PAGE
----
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Career and Education Opportunities for News Analysts in West Virginia

West Virginia has a population of 1,819,777, which has grown by 0.63% over the past decade. Nicknamed the "Mountain State," West Virginia's capital and most populous city is Charleston.

The national trend for news analysts sees this job pool growing by about 4.1% over the next eight years. In general, news analysts analyze, interpret, and broadcast news received from various sources.

The average wage in the general category of Journalism jobs is $14 per hour or $28,550 per year in West Virginia, and an average of $21 per hour or $43,055 per year nationwide. Jobs in this field include: television reporter , radio commentator, and weekend anchor.

In 2008, there were a total of 934,944 jobs in West Virginia. The average annual income was $31,634 in 2008, up from $30,121 the previous year. The unemployment rate in West Virginia was 7.9% in 2009, which has grown by 3.6% since the previous year. Roughly 14.8% of West Virginia residents have college degrees, which is lower than the national average.

The top industries in West Virginia include bituminous coal underground mining, plastics material manufacturing, and pipeline transportation. Notable tourist destinations include the South Charleston Museum, the Cultural Center Information, and the West Virginia Humanities.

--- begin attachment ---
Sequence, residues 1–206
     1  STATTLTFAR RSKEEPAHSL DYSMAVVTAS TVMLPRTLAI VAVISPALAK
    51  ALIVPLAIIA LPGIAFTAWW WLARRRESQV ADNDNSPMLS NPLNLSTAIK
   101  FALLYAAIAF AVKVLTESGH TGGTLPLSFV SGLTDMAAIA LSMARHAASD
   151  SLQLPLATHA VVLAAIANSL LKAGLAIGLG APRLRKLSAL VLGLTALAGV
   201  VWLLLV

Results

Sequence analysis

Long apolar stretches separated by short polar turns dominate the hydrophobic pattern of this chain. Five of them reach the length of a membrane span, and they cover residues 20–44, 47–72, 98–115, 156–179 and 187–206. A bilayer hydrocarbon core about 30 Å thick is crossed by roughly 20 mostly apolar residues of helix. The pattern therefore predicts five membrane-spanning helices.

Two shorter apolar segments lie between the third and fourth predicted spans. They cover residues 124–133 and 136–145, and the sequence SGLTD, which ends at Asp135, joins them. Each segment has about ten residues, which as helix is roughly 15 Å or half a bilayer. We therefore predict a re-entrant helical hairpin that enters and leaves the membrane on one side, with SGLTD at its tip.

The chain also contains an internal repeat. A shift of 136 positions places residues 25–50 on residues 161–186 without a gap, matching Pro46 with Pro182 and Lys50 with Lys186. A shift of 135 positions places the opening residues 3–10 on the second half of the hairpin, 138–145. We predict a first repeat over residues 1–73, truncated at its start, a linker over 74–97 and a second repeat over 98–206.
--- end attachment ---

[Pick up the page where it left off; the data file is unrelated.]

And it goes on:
CITIES WITH News Analyst OPPORTUNITIES IN West Virginia


JOB DESCRIPTION: News Analyst

In general, news analysts analyze, interpret, and broadcast news received from various sources.

Every day, news analysts are expected to be able to speak clearly. They need to articulate ideas and problems. It is also important that they listen to and understand others in meetings.

Similar jobs with educational opportunities in West Virginia include:

  • Editorial Specialist. Perform variety of editorial duties, such as laying out, indexing, and revising content of written materials, in preparation for final publication.
  • Public Address Announcer. Make announcements over loud speaker at sporting or other public events. May act as master of ceremonies or disc jockey at weddings, parties, or other gathering places.
  • Reporter. Collect and analyze facts about newsworthy events by interview, investigation, or observation. Report and write stories for newspaper, news magazine, or television.
  • Technical Writer. Write technical materials, such as equipment manuals, appendices, or operating and maintenance instructions. May assist in layout work.
  • Writer. Create original written works.

LOCATION INFORMATION: West Virginia

West Virginia
West Virginia photo by the U.S. Dept. of Transportation

West Virginia has a population of 1,819,777, which has grown by 0.63% over the past 10 years. Nicknamed the "Mountain State," West Virginia's capital and biggest city is Charleston. In 2008, there were a total of 934,944 jobs in West Virginia. The average annual income was $31,634 in 2008, up from $30,121 in 2007. The unemployment rate in West Virginia was 7.9% in 2009, which has grown by 3.6% since the previous year. Approximately 14.8% of West Virginia residents have college degrees, which is lower than the national average.

The top industries in West Virginia include bituminous coal underground mining, plastics material manufacturing, and pipeline transportation. Notable tourist attractions include the P A Denny, the Robert C Byrd Health Sciences C of W Vrgna Unvrsty, and the Craik.